INDEX TERMS: Salmonella spp.; antimicrobial resistance; risk factors; swine farm; prevalence; seroprevalence; susceptibility test; pigs; Colombia


Para determinar Salmonellaspp. prevalência/soroprevalência, padrões de resistência antimicrobiana e identificação de fatores de risco associados à sua presença em granjas suínas colombianas. Foram obtidas 504 amostras (fezes, zaragatoas e amostras do ambiente) de 21 fazendas distribuídas em quatro regiões geográficas da Colômbia. Salmonella spp., a detecção microbiológica e molecular foi determinada por 2 Salmonella spp. Ensaios MDS3M™ e MALDI-TOF MS, respectivamente. Além disso, para avaliação sorológica, foram analisadas 231 amostras de soro empregando ELISA Salmonella Pigtype® - Salmonella Ab (QUIAGEN®). Além disso, 41 isolados foram testados quanto à suscetibilidade antimicrobiana usando a técnica de microdiluição em caldo (Painel B1016-180 Beckman Coulter NC72®) e verificados com o software WHONET 2016. Os fatores de risco foram avaliados em uma pesquisa e analisados quanto à significância estatística pelo teste U Mann-Whitney. Foram determinadas prevalências de 8,9% (n=45) e 38,1% (n=88). Todos os isolados apresentaram 100% de suscetibilidade antimicrobiana à amicacina. No entanto, resistência à penicilina, tetraciclina, cefuroxima e trimetoprim/sulfametoxazol estava presente em mais de 50% das cepas avaliadas. Fatores de risco associados à Salmonella spp., presença de uso de água de superfície, superfície áspera no chão, presença de tremonhas como alimentadores e botas de trabalho. Bactérias estavam presentes em animais e amostras ambientais de fazendas avaliadas. O contato animal e/ou a exposição ao microrganismo também foram evidentes na resposta sorológica obtida. A presença de bactérias dependia de práticas de manejo e infraestrutura, assim como o uso de antibióticos suplementados na dieta pode ter induzido um aumento de Salmonella spp. resistência antimicrobiana.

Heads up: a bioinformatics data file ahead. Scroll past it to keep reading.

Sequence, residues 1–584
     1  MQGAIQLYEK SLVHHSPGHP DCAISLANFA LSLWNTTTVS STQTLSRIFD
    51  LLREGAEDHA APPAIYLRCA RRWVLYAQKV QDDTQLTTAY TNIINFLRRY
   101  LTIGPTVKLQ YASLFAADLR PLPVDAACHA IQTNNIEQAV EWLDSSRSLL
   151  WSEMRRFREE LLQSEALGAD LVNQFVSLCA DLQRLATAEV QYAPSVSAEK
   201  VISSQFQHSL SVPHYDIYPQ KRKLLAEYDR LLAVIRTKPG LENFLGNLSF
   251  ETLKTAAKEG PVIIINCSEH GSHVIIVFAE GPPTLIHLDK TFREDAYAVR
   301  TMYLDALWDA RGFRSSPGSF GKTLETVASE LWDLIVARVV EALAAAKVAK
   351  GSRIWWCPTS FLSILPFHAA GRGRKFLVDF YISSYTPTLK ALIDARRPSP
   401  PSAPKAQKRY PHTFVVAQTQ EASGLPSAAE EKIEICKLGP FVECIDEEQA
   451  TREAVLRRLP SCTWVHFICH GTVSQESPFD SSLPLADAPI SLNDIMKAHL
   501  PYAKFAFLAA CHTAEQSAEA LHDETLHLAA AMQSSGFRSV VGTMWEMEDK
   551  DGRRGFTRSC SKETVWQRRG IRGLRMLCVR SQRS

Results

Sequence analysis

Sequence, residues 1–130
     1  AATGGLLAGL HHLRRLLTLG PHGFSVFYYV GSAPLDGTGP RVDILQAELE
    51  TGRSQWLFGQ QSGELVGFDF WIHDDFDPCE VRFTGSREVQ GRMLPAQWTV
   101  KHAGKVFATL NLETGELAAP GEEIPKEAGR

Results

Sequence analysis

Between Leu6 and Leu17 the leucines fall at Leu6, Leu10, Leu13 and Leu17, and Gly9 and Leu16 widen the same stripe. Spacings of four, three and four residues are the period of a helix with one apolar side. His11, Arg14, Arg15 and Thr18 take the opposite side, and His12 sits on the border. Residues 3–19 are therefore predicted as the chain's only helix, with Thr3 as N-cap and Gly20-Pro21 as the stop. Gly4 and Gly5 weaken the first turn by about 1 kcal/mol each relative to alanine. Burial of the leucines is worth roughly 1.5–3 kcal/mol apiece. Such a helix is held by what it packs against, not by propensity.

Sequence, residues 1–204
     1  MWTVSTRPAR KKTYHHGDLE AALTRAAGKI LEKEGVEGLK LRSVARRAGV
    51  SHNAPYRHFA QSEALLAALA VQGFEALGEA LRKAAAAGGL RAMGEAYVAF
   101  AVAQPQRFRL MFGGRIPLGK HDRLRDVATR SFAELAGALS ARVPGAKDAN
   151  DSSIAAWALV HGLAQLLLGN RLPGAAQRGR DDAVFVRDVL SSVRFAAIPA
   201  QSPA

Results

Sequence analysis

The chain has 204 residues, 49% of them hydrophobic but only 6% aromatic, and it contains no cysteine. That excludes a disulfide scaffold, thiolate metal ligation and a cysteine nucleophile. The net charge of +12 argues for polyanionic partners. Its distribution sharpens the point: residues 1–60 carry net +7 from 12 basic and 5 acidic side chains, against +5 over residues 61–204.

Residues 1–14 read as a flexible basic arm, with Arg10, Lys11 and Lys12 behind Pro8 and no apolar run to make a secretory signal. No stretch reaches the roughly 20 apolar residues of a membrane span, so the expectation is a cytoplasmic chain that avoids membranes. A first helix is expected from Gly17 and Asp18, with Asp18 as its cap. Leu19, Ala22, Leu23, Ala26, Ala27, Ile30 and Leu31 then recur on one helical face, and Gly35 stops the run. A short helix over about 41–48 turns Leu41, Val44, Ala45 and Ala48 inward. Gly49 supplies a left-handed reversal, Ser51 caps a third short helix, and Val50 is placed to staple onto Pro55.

TERMOS DE INDEXAÇÃO: Salmonella spp.; suinocultura; prevalência; soroprevalência; teste de suscetibilidade; fatores de risco; suínos; Colômbia


Swine production is a growing industry in Colombia. It is reflected by the 1,064,555 heads of pigs sacrificed during the third trimester of 2017 (DANE 2018). Additionally, consumption of pork meat “per capita” is estimated in 9.3kg/year (Porkcolombia 2018), moreover porcine population in 2017 was established as 5,327,460 animals, mainly located in the departments of Antioquia (34.53%), Cundinamarca (9.24%), Córdoba (6.9%), Valle del Cauca (5.82%) and Meta (4.19%)(ICA 2017).